The Google VR SDK 1.0 (with support for Daydream, a platform for mobile virtual reality) has left beta and is now available on the Google Daydream developer site.

The SDK simplifies common VR development tasks so developers can focus on building interactive mobile VR applications for Daydream-ready phones and headsets, according to a blog post by Nathan Martz, product manager for Google VR.

Google has also partnered with Unity and Unreal so developers can use the game engines and tools they already have worked with. Unity allows developers to take advantage of support for features like head tracking, deep linking, easy Android manifest configuration, and more. Also, the Google VR developer site has updated documentation, reference sample apps, and tutorials.

W3C plans for the next-generation Web
Web experts came together last week to address challenges and opportunities for the World Wide Web Consortium’s (W3C) web road map and standardization work.

“Members of the W3C and the larger Web community carry a great responsibility to shape the future of Web technologies,” said Jeff Jaffe, CEO of W3C. “Most people take for granted that the web just works for them, but the foundational technologies that make the web work for everyone are developed by highly skilled and dedicated technology experts in the W3C community.”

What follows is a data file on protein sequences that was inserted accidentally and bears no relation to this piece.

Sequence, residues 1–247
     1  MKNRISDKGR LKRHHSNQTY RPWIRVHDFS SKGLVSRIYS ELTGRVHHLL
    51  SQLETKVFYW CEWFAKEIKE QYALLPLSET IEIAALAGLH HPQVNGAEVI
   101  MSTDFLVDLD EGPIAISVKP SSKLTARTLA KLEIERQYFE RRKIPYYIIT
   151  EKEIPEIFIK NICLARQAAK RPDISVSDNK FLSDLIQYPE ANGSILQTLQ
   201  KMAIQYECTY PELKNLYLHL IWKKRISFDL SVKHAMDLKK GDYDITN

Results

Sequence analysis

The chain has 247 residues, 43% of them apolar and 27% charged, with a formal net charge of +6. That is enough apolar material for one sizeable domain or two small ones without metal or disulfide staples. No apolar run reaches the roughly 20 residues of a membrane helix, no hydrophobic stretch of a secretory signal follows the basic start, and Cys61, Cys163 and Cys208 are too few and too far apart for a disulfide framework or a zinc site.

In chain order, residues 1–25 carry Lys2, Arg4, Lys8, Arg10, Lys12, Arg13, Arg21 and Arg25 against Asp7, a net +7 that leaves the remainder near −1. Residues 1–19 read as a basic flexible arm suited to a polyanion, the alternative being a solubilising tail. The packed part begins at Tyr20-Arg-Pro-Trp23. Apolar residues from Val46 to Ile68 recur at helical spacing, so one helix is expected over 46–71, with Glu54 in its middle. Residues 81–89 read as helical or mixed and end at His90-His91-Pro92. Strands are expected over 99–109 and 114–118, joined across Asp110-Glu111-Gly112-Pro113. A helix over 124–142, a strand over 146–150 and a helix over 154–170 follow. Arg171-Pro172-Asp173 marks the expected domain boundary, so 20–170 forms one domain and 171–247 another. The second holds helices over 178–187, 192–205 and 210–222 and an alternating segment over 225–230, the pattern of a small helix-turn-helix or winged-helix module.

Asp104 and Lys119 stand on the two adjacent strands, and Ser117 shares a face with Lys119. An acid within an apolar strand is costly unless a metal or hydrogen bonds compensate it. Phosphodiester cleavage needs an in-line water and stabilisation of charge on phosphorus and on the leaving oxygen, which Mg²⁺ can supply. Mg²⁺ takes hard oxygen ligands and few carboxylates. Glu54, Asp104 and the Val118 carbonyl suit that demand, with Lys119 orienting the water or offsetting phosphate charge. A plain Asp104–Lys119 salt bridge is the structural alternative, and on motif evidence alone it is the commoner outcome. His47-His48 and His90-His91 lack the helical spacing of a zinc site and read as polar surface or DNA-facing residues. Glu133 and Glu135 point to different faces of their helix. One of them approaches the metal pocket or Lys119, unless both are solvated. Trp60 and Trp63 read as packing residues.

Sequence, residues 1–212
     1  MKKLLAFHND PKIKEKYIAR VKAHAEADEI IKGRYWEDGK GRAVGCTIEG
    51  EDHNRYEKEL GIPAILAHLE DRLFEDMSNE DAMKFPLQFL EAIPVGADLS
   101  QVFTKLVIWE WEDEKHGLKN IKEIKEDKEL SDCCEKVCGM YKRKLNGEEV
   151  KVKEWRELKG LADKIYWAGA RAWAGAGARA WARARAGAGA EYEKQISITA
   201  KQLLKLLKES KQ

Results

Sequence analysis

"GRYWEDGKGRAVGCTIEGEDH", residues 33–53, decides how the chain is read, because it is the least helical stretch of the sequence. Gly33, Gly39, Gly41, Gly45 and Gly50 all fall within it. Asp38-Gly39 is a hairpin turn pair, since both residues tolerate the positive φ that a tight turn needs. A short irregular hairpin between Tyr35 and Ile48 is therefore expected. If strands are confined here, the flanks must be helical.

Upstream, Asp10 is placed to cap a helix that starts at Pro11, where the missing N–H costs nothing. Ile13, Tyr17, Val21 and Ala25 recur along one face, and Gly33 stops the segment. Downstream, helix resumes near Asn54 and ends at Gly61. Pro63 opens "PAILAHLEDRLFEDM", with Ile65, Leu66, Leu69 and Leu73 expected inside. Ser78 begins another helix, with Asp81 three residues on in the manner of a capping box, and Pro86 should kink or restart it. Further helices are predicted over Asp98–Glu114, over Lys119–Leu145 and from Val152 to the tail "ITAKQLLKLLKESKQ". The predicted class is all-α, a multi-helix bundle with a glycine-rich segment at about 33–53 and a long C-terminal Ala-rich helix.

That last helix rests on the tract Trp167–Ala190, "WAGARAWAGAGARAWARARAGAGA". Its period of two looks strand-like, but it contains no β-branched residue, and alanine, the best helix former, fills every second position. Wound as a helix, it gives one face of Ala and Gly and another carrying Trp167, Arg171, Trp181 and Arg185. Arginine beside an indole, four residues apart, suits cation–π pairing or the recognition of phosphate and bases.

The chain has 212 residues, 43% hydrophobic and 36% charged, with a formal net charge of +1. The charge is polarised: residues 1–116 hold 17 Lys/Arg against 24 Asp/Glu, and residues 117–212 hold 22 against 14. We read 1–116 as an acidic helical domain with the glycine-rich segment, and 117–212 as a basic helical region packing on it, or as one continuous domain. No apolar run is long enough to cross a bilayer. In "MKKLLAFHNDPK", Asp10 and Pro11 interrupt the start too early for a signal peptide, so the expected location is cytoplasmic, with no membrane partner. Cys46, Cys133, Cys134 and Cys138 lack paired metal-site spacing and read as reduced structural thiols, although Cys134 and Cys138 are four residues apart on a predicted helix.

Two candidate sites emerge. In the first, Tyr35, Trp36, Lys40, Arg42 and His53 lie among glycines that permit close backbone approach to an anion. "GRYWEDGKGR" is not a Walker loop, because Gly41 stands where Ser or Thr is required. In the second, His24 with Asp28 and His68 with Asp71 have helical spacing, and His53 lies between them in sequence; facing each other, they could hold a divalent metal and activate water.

According to W3C members, the requirements for the next-generation web include accessibility; automotive compatibility; digital publishing; entertainment; telecommunications; an open web platform; data on the web; web payments; web security; and the Internet of Things.

An in-depth description of the road map is available here.

OpenSSL Security Advisory addresses incoming message issue
According to an OpenSSL Security Advisory today, a critical security issue is affecting OpenSSL 1.1.0a, which was released on Sept. 22. The patch applied to address CVE-2016-6307 resulted in an incoming message issue, which could lead to a crash or execution of arbitrary code.

The patch was for messages larger than 16K, and if received, the underlying buffer to store the incoming message is reallocated, according to the advisory. A dangling pointer to the old location is left, and this results in an attempt to write to the previously freed location. The issue was reported to OpenSSL on Sept. 23 by Robert Swiecki of the Google Security Team.

Users should upgrade to OpenSSL 1.1.0b to avoid any issues, according to the advisory.